“That’s war, sweetheart,” Aiden grumbles.

“Don’t actually punch anyway, okay Kennedy? The last thing we need is some kind of brawl breaking out – let alone one with you in the middle of it. We could get kicked out,” I remind her. But then I let the image of Kennedy laying waste to some poor pushy crowd members and laugh. “Not to mention, you’d probably do some serious to damage.”

Kennedy is one of those fighters that will surprise you – people tend not to expect much from girls, and especially short ones like her, but she’s relentless. I saw her beat the shit of a guy we’d let join us for awhile a year ago. He was by himself and desperate. We caught him trying to steal some supplies and run off in the middle of the night. Or I should say, Kennedy caught him. By the time the rest of us woke up (from a combination of his begging for mercy and Kennedy’s expletive shouting) and ran into the hallway there was nothing left to do. I was the one that pulled Kennedy off of him, once I was able to unfreeze from my state of paralyzing awe, and he just ran. Left the stuff, and we never saw him again. Frankly, I was a little disappointed. He was the first person we’d seen in a long time, and the last one we’d see until Anna’s group.

“Delivery!” I announce upon our return. “Everybody gets one – make it last, it’s all there is until next week.”

“Do we have any ground rules about the food we brought with us?” Kara asks. “Is that still communal?”

“I think we should try to make do with what they give us. It’ll be good to have backup in case we come up short another week with the meal tickets. It was madness today. Good thing Kevin told us to get there ahead of time, the trucks were early – if we’d been late we wouldn’t have gotten food.”

JJ crosses his arms. “So who makes sure that happens?”

“What do you mean?”

“Who makes sure our store of food stays untouched.”

I shrug my shoulders. “We’ll just keep up what we’re doing now – always have two or three people in the room so our stuff is never unguarded.”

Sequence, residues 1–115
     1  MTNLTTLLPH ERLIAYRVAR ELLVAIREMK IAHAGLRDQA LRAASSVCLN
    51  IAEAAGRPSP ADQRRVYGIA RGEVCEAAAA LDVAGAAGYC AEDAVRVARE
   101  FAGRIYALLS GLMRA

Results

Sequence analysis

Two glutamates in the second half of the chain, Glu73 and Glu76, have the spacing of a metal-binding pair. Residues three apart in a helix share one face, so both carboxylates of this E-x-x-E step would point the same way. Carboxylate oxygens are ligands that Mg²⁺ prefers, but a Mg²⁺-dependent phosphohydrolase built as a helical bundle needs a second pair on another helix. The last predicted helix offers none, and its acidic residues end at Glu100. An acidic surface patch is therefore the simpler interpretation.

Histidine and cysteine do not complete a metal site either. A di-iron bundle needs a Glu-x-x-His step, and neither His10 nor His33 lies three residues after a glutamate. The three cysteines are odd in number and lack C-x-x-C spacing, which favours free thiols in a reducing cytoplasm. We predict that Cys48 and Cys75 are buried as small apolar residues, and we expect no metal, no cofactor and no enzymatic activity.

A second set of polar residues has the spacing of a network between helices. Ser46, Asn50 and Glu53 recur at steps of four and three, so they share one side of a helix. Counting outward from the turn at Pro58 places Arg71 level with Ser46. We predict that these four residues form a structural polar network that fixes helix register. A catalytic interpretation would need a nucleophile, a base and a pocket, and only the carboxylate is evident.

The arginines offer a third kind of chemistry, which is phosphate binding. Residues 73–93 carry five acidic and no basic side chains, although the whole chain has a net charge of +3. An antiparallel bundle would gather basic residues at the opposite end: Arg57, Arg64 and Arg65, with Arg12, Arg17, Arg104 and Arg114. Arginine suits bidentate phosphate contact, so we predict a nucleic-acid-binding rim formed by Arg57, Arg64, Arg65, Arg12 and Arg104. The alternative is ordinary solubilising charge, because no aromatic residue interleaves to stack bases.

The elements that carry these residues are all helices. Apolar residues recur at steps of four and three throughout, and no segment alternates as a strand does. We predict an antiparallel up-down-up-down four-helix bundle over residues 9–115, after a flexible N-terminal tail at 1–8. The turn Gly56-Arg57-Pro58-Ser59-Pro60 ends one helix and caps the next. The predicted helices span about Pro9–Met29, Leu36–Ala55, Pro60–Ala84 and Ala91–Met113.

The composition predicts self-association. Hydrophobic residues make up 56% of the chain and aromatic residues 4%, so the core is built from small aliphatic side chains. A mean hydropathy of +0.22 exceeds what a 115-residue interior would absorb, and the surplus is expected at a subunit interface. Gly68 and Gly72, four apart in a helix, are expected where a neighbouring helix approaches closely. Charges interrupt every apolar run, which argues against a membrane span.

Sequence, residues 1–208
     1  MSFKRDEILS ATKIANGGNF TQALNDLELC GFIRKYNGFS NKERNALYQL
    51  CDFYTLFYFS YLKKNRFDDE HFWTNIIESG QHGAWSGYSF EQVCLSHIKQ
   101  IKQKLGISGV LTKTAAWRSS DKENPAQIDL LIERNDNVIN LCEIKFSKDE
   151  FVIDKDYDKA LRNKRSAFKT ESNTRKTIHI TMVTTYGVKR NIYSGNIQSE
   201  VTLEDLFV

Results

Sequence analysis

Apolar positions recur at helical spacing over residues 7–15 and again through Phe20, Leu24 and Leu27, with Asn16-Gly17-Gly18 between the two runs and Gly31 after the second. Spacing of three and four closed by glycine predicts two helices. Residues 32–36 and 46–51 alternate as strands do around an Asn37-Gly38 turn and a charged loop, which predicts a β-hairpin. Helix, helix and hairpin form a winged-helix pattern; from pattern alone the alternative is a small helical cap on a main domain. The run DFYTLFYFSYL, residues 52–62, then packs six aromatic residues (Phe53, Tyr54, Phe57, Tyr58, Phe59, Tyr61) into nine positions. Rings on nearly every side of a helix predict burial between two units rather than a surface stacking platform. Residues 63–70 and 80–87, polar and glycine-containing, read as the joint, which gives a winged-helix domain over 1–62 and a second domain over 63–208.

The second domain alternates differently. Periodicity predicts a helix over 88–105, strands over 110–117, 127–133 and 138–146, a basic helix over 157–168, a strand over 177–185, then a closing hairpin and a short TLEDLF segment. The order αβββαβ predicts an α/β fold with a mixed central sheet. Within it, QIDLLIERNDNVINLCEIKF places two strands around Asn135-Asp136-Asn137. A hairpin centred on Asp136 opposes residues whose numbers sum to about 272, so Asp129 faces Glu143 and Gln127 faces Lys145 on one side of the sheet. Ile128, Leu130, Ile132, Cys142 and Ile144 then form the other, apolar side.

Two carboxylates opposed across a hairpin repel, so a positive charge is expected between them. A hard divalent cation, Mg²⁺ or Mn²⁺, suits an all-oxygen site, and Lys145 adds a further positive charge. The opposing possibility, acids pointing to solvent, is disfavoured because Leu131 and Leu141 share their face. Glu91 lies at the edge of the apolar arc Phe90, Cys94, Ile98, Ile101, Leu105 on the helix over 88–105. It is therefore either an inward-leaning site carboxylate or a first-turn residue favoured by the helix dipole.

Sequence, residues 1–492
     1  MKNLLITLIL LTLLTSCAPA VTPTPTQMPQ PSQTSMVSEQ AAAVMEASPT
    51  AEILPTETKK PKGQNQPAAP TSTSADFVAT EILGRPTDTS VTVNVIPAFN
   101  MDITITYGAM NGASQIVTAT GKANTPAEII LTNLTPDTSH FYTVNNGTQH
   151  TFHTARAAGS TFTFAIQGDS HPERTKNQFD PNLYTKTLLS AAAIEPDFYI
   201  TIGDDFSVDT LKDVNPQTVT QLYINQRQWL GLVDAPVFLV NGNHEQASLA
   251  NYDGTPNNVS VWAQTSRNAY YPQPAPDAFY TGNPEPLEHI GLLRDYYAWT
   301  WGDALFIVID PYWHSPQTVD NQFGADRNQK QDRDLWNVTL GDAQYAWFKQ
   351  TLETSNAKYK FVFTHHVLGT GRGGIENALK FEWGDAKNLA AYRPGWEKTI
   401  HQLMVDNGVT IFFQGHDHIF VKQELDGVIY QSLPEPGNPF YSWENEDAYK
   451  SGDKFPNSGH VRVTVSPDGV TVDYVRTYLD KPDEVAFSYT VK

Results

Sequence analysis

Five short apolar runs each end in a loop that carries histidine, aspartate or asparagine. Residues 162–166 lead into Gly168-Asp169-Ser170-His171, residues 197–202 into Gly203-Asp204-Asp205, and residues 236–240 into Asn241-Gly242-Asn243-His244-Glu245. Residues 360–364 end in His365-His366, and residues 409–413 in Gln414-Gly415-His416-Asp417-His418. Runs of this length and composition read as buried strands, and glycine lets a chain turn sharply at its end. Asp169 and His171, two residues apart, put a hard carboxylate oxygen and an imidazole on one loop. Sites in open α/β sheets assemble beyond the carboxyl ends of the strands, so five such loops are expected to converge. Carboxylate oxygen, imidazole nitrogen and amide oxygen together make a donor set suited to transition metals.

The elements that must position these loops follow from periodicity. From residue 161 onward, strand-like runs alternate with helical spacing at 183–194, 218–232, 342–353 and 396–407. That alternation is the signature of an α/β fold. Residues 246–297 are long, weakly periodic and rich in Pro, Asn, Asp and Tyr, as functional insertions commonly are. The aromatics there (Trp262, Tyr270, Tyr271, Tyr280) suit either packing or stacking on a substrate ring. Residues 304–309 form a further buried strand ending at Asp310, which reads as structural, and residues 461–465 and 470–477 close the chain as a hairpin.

“I mean who makes sure none of us touch the food.”

“Is that really-”

“We’ve picked up three new people since we got here, and I still have my doubts about some of the rest of us.”

“Let me remind you pretty much all the food we do have came from the apartment, so it’s not really yours to be worried about anyway.”

“So it’s not communal? What happened to the teamwork family shit you normally spin?”

“Alright, fine, you want a ‘keeper of the food’ then who do you suggest?”


“Sorry, no. Go fish.”

“I’ll do it,” Dylan says quickly, stepping forward. “I’m probably the most neutral one here.”

Silence. I like Dylan – I trust Dylan. And he has been one of more peaceable ones. Aiden is one of the stingiest (and therefore best) supply watches, but JJ and his group don’t seem to like him too much. Which I guess is fair. And, in reciprocation, it wouldn’t be fair for Allen to watch the supplies since he’s their leader. “I’m okay with Dylan doing it,” I say. “If you find that amenable. If everyone,” I gesture to the room, “finds that amenable.”

Nods and murmurs of agreement go around the room.

JJ exhales dramatically once it seems he’s the last one to approve the decision.“Fine.”

I’m really starting to hate this asshole.